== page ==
Real Estate Market

Record-low mortgage interest rates alone won't end the housing crisis

(7/6/2012) - Ever-falling, record-low interest rates continue to tempt consumers to purchase a home or refinance, but with strict underwriting rules, weakened consumer confidence, and economic turmoil in an election year, they just aren't buying it.

Mortgage applications were down 7.1 percent from a week earlier, according to the Mortgage Bankers Association's (MBA) "Weekly Mortgage Applications Survey" for the week ending June. 22, 2012, the latest report.

Meanwhile mortgage interest rates hit records lows in five out of the past six weeks, according to Freddie Mac's Primary Mortgage Market Survey.

For the week ending July 6, Freddie Mac reported averages mortgage rates at record lows for both the 30-year fixed interest rate mortgage (FRM) and the 15-year FRM, at 3.62 percent and 2.89 percent respectively.

Nevertheless, MBA found both the refinance index and the purchase index down 8 percent and 1 percent, respectively, from the previous week and the purchase index was down almost 3 percent from a year ago.

"Refinance volume fell last week due largely to a fall-off in refinance applications for government loans, which had more than doubled the prior week," said Michael Fratantoni, MBA's vice president of research and economics.

"The large swings in activity were due to the implementation of FHA's new premiums on streamline refinances, and borrowers timing their applications to lower their premiums," Fratantoni added.

But that's not all.

Consumer confidence is on the rocks

The Conference Board's "Consumer Confidence Index" was down in June for the fourth consecutive month as consumers remained pessimistic about incomes, jobs and the economy.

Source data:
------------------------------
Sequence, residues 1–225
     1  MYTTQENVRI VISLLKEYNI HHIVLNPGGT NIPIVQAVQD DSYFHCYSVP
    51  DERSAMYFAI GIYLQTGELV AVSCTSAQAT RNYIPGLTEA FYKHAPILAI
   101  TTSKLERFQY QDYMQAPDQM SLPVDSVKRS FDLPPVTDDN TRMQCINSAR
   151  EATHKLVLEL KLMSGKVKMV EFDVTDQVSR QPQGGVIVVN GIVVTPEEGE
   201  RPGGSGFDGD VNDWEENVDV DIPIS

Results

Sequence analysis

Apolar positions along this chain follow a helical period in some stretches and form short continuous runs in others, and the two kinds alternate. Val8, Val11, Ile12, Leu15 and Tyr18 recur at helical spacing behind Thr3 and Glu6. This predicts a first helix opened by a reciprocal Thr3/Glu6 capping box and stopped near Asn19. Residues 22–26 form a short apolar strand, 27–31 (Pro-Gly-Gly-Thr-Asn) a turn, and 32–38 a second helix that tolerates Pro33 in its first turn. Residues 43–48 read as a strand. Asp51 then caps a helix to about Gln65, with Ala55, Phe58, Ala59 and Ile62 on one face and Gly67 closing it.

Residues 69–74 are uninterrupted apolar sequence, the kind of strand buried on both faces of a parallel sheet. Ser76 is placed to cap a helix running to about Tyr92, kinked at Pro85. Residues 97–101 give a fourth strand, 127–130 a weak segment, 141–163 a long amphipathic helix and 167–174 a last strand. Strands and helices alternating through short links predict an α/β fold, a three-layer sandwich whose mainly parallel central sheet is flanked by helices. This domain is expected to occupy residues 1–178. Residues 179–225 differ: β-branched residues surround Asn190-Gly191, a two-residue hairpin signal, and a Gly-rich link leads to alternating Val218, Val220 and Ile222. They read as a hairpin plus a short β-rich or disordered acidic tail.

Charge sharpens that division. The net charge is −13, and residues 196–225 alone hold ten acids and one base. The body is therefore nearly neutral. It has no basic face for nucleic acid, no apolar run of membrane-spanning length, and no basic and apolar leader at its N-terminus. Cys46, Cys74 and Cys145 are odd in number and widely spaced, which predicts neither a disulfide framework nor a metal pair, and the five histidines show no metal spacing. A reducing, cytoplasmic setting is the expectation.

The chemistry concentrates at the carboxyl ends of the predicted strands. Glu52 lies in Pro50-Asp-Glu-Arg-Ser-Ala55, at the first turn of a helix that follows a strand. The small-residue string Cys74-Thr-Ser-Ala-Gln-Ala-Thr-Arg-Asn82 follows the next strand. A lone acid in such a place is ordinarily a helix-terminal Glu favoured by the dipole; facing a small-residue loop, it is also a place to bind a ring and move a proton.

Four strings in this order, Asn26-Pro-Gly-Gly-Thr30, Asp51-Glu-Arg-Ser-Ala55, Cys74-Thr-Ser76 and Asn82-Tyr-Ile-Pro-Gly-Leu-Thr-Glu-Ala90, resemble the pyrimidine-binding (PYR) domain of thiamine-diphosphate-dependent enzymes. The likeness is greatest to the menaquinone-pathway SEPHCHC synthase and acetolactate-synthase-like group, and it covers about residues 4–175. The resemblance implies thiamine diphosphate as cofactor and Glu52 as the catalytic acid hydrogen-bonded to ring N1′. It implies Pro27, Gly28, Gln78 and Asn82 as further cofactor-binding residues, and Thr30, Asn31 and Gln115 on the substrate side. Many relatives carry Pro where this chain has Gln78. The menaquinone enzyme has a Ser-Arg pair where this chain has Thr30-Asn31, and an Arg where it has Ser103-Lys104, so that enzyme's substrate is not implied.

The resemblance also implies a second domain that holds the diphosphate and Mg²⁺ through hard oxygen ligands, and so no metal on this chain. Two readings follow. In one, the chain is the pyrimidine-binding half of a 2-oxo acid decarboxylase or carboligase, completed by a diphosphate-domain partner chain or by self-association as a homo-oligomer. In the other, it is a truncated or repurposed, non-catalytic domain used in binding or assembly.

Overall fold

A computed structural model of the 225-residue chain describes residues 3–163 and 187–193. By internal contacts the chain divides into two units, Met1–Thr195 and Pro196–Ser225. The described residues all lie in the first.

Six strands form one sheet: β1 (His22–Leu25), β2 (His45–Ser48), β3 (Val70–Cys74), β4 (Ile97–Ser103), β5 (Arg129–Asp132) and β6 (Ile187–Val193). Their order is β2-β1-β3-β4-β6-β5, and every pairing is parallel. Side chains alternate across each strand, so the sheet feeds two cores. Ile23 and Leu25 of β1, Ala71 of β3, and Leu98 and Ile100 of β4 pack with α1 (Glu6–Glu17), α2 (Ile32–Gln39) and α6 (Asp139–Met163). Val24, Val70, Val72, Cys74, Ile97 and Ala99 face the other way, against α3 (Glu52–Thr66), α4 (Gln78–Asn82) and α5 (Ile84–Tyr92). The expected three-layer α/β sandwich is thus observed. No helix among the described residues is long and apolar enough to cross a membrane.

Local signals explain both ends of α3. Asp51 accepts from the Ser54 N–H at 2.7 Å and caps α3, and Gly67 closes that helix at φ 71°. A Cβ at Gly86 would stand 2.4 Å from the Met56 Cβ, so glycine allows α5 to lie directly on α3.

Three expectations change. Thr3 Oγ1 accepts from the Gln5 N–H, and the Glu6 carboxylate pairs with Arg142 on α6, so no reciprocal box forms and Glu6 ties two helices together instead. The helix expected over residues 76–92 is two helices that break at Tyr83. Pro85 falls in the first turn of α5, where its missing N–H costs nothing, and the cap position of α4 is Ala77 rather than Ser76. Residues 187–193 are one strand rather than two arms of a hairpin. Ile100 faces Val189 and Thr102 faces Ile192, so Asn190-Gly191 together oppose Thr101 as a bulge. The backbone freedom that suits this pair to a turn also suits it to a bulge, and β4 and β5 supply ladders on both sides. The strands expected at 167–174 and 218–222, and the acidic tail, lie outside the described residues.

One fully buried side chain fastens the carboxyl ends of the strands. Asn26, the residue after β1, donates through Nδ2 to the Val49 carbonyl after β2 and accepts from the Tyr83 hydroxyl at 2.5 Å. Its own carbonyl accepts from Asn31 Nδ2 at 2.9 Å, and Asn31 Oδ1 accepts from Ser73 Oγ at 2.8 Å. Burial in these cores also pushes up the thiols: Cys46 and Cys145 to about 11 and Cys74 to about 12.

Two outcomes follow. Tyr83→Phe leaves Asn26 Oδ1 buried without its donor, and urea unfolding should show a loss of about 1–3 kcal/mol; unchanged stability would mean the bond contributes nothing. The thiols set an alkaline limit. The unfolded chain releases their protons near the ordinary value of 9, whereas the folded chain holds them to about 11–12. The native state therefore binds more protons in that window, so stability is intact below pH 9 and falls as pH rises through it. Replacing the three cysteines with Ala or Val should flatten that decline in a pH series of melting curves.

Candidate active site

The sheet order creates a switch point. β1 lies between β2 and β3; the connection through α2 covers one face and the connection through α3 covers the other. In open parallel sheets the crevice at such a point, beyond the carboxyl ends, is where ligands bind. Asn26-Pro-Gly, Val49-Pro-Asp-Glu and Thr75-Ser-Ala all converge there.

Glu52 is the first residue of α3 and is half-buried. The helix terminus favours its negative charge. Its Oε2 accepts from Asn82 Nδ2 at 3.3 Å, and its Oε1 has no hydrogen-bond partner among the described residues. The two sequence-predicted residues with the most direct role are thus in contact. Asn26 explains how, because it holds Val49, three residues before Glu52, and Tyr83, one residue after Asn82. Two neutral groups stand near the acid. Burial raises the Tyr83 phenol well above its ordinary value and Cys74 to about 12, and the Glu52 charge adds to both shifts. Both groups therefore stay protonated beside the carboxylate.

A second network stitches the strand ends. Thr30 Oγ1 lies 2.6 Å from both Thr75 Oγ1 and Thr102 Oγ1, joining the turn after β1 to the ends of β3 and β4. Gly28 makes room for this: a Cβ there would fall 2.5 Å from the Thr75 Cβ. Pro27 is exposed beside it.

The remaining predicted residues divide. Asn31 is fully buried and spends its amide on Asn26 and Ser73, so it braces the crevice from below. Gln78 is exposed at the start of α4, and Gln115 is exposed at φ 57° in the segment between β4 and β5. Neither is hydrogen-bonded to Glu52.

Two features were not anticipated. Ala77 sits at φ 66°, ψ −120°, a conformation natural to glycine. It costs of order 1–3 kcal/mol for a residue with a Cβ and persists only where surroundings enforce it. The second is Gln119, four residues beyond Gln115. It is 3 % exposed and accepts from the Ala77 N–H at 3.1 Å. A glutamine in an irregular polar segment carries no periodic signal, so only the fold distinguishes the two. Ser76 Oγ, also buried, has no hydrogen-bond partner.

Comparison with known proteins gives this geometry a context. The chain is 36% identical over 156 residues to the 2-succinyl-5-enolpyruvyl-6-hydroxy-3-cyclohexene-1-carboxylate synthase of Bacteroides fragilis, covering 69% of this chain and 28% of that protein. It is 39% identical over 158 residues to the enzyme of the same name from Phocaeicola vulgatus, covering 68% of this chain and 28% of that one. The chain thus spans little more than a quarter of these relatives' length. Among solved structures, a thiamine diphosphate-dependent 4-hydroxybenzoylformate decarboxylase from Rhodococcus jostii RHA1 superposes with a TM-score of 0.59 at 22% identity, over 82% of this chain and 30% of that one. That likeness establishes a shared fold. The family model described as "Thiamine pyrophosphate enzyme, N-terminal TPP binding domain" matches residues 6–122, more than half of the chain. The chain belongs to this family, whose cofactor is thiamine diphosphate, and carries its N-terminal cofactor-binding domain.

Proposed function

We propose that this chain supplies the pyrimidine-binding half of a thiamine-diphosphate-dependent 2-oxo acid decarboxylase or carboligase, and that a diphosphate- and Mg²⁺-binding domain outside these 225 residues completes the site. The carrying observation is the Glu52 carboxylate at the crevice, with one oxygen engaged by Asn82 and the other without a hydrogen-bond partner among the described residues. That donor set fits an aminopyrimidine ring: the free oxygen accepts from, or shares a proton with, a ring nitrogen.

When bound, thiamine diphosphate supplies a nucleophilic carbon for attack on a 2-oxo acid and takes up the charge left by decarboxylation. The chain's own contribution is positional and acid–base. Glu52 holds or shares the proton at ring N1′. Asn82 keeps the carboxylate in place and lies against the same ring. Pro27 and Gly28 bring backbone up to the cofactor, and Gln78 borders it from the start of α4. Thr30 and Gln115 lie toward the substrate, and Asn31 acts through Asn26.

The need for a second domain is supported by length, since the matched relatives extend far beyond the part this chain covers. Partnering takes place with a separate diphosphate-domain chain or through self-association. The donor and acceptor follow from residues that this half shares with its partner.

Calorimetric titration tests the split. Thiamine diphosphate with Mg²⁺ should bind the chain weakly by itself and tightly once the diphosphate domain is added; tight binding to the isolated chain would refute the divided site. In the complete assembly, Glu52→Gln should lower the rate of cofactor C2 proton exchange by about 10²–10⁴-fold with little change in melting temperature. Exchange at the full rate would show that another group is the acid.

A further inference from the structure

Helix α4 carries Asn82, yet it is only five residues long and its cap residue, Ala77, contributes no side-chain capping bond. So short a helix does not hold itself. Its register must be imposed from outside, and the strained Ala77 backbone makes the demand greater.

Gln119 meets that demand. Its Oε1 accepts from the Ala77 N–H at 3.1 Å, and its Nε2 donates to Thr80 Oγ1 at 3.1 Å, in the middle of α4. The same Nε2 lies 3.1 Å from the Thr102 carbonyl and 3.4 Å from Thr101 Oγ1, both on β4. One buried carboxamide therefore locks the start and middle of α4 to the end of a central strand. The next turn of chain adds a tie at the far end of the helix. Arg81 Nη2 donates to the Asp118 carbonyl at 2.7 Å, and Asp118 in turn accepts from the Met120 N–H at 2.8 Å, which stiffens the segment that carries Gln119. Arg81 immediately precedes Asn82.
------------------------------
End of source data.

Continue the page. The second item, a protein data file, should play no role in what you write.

Those expecting increases in income declined to 14.8 percent in June, from 15.7 percent may, according to the board. Consumers concerned about income, aren't willing to risk a mortgage.

Only 14.1 percent anticipate more jobs in the next six months, down from 15.4 percent. Those no-job-no-income or assets (NINJA) loans are long gone.

Consumers stating jobs are "hard to get" increased to 41.5 percent from 40.9 percent, while only 15.5 percent expect business conditions to improve over the next six months, down from 16.6 percent.

Among those surveyed, 35.1 percent said business conditions are "bad," up from 34.7 in May.

"Consumer Confidence declined in June, the fourth consecutive moderate decline. Consumers were somewhat more positive about current conditions, but slightly more pessimistic about the short-term outlook. If this trend continues, spending may be restrained in the short-term," said Lynn Franco, director of economic indicators at the board.

American Dream unrealized

In another recent study, real estate valuation company Integra Realty Resources (IRR) found that the American Dream of homeownership is alive and well, but dreams don't always translate into reality.

While 75 percent of non-homeowners ages 22 to 50 in 11 major U.S. markets believe owning a home is important, more than 60 percent don't plan on taking the plunge anytime soon.

Their reasons for not buying were lack of a down payment (31 percent); fear of making a bad investment (24 percent) and concern about the economy (21 percent).

That could be good news for the rental sector.

"The down payment conundrum continues to suppress demand with no easy resolution in sight. This segment of the population will be turning to rental housing instead, which will further boost the rebounding multifamily sector," said Benjamin Loughry managing partner at IRR-Dallas/Fort Worth.

 

 

 

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